Yashasvi Jaiswal is the current top-scorer of the tournament and is waving the Indian flag high at the ICC Under-19 Cricket World Cup in South Africa.

Aritra Mukherjee
Hindustan Times, New Delhi

From a prodigy in domestic cricket to making it big on the U-19 international scene, Yashasvi Jaiswal has come a long way as he slammed a majestic century against Pakistan to fire India into final of the ICC Under-19 Cricket World Cup in South Africa. He is also the current top-scorer of the tournament and is waving the Indian flag high. Jaiswal, however, became the talk of the town after his heroics in the Vijay Hazare trophy late last year where he became the youngest to score a double hundred in 50-over cricket. His rise from an extremely humble background makes for yet another amazing story in Indian cricket. Here are excerpts from an interview that Jaiswal gave to Hindustan Times before leaving for the tournament.

“Abhi tu goggles pahen sakta hai…” The words were music to Jaiswal’s ears, not the ones which kept blaring when he tried to sleep in a tent, not the ones which echoed when he toiled hard to make ends meet. It was music, the one which the mind hums when dreams collide with reality. The world record of being the youngest to score a double hundred in 50-overs cricket, three centuries in 5 innings on his debut season in India’s premier one-day tournament, congratulatory messages from the who’s who of Mumbai cricket, it surpassed them all. 17-year-old Yashasvi Jaiswal had finally ‘earned’ the rights of wearing shades on the cricket field.

“I never wore goggles… Sometimes while fielding in the slips, the ‘keeper or a teammate would give me theirs and I would place them on my hat but I never put them on. Sir didn’t allow me to wear goggles but after my double century today, he finally gave me permission,” Yashasvi told Hindustan Times, referring to his conversation with childhood coach Jwala Singh, after scoring 203 off 154 balls in a Vijay Hazare Trophy Elite Group A match against Jharkhand in Alur last year.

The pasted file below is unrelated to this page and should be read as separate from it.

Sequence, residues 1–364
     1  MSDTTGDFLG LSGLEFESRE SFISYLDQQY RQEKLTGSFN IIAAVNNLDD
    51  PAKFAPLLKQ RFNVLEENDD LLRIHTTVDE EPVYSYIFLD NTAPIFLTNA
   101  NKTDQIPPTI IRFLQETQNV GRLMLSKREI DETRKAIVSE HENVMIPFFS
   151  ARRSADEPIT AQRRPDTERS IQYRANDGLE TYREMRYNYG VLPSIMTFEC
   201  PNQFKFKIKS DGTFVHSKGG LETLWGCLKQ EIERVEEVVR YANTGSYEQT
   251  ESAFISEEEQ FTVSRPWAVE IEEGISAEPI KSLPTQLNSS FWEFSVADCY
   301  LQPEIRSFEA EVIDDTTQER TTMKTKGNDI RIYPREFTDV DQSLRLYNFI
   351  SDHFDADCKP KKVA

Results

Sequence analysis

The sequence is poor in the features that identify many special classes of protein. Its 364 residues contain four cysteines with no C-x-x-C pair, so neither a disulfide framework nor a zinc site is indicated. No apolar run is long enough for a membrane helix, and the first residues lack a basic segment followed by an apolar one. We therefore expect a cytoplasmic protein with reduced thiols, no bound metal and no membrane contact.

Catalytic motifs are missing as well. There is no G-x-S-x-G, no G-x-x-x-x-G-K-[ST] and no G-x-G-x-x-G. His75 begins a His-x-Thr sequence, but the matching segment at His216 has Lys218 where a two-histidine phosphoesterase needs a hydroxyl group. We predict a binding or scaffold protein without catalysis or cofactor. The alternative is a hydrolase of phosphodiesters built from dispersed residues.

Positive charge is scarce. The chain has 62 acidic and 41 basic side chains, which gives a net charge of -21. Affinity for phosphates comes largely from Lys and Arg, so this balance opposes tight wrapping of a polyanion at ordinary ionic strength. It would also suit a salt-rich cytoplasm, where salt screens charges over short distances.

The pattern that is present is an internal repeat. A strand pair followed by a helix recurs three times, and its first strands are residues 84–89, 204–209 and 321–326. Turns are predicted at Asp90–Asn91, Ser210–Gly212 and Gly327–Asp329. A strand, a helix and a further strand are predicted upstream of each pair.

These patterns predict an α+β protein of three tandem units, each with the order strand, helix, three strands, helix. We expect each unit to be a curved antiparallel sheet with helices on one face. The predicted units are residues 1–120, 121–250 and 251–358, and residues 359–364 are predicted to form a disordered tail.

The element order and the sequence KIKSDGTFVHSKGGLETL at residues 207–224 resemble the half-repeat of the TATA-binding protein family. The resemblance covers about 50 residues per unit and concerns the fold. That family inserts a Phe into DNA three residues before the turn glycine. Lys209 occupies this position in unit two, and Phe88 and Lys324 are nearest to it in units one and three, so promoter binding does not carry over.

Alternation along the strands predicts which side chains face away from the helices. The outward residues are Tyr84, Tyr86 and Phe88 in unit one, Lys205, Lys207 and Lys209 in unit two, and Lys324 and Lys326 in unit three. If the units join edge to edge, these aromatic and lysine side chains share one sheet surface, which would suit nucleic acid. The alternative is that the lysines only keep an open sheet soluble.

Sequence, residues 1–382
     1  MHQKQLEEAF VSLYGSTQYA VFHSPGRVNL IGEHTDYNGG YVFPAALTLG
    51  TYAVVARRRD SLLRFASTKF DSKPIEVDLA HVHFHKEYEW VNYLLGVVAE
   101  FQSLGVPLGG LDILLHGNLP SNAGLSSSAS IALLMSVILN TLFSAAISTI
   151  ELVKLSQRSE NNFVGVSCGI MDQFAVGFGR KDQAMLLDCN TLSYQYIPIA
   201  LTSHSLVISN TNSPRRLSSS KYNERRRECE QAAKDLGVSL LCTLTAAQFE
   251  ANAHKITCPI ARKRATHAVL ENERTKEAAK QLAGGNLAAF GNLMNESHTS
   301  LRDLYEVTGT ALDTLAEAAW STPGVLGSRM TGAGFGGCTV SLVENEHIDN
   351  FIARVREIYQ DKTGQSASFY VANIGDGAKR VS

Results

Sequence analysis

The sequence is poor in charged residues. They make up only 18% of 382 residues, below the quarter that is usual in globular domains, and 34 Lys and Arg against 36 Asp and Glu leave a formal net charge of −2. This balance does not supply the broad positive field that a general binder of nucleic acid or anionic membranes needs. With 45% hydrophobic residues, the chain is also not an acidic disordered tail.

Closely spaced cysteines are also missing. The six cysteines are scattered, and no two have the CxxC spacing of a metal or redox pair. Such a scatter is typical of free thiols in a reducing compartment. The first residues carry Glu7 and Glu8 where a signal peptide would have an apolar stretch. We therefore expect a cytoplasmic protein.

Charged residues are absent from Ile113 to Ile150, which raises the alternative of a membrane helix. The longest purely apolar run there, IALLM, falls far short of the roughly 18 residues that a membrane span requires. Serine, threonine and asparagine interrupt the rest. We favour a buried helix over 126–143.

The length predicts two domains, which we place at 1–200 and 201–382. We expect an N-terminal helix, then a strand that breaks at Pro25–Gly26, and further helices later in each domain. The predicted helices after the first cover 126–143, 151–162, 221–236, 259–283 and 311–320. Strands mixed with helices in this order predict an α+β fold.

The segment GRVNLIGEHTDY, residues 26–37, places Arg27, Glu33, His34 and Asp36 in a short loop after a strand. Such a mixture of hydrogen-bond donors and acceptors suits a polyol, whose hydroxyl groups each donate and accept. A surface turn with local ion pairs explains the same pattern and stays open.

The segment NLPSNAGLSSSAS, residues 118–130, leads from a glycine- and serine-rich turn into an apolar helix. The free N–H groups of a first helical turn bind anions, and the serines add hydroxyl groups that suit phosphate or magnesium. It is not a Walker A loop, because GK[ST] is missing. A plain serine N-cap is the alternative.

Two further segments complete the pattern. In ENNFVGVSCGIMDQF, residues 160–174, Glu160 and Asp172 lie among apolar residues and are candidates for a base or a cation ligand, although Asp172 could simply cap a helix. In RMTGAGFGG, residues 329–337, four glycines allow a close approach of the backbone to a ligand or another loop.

To understand the gravity of it, one has to go six years back to the days when an 11-year-old Yashasvi travelled to Mumbai from Bhadohi – a town in Uttar Pradesh – with dreams of playing cricket at the highest level. “Finding a place to stay was the hard part. I used to sleep in a dairy in Kalbadevi but they asked me to move out as I couldn’t help them much with the daily work. My parents requested my uncle to help me. I stayed at his place for a few days but it wasn’t big enough so he too had to ask me to find a different place,” Yashasvi recalled, not with remorse but with the satisfaction of a battle-hardened warrior.

The good thing his uncle did was to refer him to the Muslim United Club, where they had tents. For the next three years, those tents were Yashasvi’s home. The heat in summers would sometimes make it unbearable so he would sleep outside to get fresh air. While the nights were full of hardships, the days weren’t as bad as Yashasvi would spend most of his time on the cricket field. But he needed money to survive. “I was staying in a tent alright but I had no money to buy food. So I started selling paani puri during Ram Leela. I also did scoring, became a ball boy even when I was not asked to. Basically, I did everything through which I could earn money,” Yashasvi said.